Martin de Ruyter/Stuff
Signs mark the start of the Horoirangi Marine Reserve at The Glen. (File photo)
A new ranger has been appointed by the Department of Conservation to increase patrols of Nelson’s two marine reserves, with a camera also installed to monitor activity at one.
The measures have been taken to help deter and detect any illegal fishing in the Horoirangi Marine Reserve, between Glenduan and Cable Bay, and the Tonga Island Marine Reserve off Abel Tasman National Park.
In the last two years, the DOC Motueka team had investigated six illegal fishing incidents in the Horoirangi Marine Reserve. Warning letters were sent to those involved in four of the incidents and two cases were discontinued due to a lack of evidence.
DOC Motueka operations manager Chris Golding said the aim was to deter people from illegal activity in the first place rather than catch them at it.
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He said the camera surveying the Horoirangi Marine Reserve would increase DOC’s ability to identify offenders and gather evidence when illegal activity occurred.
“It’s been found that cameras at other marine reserves have proved a deterrent to illegal activity. Reports of suspected illegal fishing in Kāpiti Marine Reserve declined after a camera was installed in 2018, having peaked the year before.”
The Tonga Island Marine Reserve was established in 1993 and covers 1835 hectares along the Abel Tasman National Park coastline between Awaroa Head and the headland north of Bark Bay.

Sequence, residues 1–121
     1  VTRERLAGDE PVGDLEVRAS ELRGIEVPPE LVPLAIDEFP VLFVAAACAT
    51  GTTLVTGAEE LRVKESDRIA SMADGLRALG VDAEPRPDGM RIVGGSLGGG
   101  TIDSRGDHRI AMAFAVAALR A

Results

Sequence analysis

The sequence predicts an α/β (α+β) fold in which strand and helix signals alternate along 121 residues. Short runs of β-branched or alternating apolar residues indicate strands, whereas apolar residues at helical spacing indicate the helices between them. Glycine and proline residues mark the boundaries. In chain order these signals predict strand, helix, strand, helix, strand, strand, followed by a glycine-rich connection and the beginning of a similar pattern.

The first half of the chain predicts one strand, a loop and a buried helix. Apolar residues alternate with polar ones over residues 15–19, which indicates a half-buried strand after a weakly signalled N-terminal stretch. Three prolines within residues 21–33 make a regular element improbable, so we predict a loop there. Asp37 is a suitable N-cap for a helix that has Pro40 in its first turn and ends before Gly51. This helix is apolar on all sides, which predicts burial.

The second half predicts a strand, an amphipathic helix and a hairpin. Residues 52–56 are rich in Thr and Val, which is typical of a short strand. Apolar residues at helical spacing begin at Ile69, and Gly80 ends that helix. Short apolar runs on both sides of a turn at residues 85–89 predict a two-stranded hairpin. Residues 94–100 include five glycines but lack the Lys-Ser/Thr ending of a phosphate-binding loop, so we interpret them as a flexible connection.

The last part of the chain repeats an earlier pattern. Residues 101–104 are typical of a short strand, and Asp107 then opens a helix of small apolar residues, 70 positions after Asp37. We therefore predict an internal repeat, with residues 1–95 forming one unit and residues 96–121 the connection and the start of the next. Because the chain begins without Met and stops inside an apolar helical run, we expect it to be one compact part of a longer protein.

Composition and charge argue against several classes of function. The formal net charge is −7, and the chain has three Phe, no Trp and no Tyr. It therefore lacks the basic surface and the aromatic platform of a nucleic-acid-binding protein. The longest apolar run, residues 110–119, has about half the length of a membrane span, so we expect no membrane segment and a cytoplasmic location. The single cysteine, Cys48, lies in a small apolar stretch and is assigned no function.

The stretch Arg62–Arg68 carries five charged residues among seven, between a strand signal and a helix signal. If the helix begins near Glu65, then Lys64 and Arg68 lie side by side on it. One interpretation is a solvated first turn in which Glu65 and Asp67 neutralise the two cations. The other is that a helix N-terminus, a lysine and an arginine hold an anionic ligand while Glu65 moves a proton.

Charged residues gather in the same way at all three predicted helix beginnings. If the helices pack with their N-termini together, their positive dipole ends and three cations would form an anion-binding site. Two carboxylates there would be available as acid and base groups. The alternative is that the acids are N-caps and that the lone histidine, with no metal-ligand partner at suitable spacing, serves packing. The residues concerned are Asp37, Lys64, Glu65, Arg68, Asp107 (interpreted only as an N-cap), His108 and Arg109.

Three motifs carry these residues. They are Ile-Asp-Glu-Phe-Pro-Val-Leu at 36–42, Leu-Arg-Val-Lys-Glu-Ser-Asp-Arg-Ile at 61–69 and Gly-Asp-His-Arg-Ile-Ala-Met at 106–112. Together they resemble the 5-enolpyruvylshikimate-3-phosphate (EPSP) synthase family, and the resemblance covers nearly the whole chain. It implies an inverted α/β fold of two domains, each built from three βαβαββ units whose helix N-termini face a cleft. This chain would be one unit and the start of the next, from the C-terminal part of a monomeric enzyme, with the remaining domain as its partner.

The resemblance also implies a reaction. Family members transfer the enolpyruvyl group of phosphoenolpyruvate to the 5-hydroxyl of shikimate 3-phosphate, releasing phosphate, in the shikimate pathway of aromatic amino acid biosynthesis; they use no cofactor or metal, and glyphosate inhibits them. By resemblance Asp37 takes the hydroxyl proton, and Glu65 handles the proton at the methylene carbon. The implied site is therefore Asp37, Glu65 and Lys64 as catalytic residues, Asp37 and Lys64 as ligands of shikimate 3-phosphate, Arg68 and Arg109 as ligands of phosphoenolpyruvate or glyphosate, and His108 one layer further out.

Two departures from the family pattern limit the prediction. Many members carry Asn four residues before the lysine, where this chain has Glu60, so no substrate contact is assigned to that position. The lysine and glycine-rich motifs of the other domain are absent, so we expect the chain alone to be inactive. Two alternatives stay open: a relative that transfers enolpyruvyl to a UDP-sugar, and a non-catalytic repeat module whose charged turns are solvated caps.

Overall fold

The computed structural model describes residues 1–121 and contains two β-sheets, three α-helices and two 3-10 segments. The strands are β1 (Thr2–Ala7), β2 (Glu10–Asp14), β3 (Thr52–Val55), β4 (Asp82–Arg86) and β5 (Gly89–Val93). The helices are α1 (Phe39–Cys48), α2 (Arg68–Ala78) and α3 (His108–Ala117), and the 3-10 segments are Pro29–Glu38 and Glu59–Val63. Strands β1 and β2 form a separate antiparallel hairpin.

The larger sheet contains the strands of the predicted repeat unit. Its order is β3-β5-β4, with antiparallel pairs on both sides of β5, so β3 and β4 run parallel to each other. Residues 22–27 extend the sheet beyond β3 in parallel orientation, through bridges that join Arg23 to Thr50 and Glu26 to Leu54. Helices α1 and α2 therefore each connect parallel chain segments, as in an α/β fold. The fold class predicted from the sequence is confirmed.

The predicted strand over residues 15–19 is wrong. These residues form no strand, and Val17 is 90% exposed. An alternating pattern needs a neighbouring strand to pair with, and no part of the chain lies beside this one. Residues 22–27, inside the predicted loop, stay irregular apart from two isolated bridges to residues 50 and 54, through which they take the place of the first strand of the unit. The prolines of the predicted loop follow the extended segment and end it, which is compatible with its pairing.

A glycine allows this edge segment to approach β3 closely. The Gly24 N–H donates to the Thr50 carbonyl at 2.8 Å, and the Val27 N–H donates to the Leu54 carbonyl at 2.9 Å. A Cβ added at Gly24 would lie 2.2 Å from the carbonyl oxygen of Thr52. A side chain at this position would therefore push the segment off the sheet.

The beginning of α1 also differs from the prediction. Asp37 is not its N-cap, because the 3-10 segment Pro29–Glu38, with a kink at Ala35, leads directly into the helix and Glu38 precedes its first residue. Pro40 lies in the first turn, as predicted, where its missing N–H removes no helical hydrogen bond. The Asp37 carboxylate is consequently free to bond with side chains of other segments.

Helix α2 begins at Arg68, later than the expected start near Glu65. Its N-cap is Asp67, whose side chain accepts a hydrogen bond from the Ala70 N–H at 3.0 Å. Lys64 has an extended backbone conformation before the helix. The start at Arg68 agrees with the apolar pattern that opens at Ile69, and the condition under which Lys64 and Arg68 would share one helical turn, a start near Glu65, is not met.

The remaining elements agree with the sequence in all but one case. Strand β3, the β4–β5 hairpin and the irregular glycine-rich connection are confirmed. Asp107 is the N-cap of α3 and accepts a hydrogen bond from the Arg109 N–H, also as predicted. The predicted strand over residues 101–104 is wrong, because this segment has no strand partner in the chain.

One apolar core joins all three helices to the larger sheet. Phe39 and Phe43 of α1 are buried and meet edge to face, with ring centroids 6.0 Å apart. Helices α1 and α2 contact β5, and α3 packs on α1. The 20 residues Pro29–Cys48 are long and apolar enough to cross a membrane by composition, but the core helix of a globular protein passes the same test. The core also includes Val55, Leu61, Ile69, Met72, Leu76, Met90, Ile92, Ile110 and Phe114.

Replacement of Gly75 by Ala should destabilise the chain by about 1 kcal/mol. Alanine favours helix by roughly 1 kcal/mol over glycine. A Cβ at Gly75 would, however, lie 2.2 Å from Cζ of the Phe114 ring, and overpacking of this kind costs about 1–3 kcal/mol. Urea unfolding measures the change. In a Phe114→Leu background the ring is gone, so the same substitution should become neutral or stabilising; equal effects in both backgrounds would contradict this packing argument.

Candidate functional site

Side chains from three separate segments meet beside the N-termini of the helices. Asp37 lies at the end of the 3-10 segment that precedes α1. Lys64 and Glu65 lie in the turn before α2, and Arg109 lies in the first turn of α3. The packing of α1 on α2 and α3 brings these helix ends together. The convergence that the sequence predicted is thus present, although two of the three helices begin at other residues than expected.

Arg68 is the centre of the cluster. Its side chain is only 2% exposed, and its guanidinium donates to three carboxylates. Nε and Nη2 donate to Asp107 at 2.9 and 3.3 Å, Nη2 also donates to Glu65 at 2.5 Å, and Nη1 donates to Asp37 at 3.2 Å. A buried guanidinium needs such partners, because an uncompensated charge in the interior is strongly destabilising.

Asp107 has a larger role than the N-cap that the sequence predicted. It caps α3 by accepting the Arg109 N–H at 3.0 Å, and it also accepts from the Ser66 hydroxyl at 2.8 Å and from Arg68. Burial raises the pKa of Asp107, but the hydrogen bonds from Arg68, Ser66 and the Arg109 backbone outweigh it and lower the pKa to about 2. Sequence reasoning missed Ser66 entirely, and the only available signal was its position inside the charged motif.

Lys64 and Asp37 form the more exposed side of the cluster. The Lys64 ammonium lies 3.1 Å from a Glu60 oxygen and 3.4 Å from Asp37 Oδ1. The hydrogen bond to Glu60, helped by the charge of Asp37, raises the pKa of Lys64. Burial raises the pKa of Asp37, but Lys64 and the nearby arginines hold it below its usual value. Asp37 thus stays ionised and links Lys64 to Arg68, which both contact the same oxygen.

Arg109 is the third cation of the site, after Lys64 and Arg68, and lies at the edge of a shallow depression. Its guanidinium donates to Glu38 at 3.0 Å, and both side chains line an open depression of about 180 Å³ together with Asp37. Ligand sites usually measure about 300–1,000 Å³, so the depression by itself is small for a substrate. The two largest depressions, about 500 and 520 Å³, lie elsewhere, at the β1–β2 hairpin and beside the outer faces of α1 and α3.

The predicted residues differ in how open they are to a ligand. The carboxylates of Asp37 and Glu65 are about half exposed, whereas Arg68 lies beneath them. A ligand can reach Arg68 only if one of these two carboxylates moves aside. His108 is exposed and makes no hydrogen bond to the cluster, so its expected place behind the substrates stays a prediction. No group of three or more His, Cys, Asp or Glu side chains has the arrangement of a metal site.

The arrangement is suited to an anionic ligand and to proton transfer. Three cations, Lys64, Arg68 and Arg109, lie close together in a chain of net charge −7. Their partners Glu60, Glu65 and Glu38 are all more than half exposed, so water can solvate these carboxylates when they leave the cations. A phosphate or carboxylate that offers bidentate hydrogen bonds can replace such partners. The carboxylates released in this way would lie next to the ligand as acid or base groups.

More recently in 2006 the Horoirangi Marine Reserve was established, covering 904 hectares along five kilometres of coast north-east of The Glen to Ataata Point, the southern headland of Cable Bay.
The new ranger started this week and would be based in the DOC Motueka office. The role would include increasing education about the marine reserves and overseeing scientific monitoring of them.
Golding said both reserves were “treasures of marine life” with all fish, animals, plants and the seabed protected.
“No taking of marine life is allowed in marine reserves and this enables the marine ecosystems to return to a more natural state and marine species within them to become more abundant.”
Anyone who breaks the rules in marine reserves can now face fines through infringement notices, an additional enforcement measure to DOC’s existing tools of warning letters and prosecution.
The infringement notice fine for fishing in a marine reserve is $600.
Infringement notices could also be issued for breaching other conservation rules; failing to observe whitebaiting regulations, taking dogs into national parks or taking or causing damage to protected species. Fines range from $200 to $800, depending on the offence.
Wilsons Abel Tasman chief executive Darryl Wilson said he supported the appointment of a marine reserves ranger.
“Deterrence is always appropriate so the fact someone is out there is of value.”
He said if people were seen fishing in the Tonga Island Marine Reserve, they were usually corrected by tourism operators passing through.
However, he said the “biggest bugbear” in marine reserves was breaches of the marine mammal viewing regulations.
It was frustrating for guides who explained to guests they had to keep 20 metres away from seals only to have others “plonk on the rocks and take cute little selfies with the seals”.
The Nelson marine reserve ranger is one of seven to be appointed this year with others based in Kāpiti-Wellington, Auckland, New Plymouth and Christchurch. A further seven will be recruited next year.
People can report sightings of people illegally fishing within marine reserves by calling the DOC Hotline on 0800 DOC HOT/0800 362 468.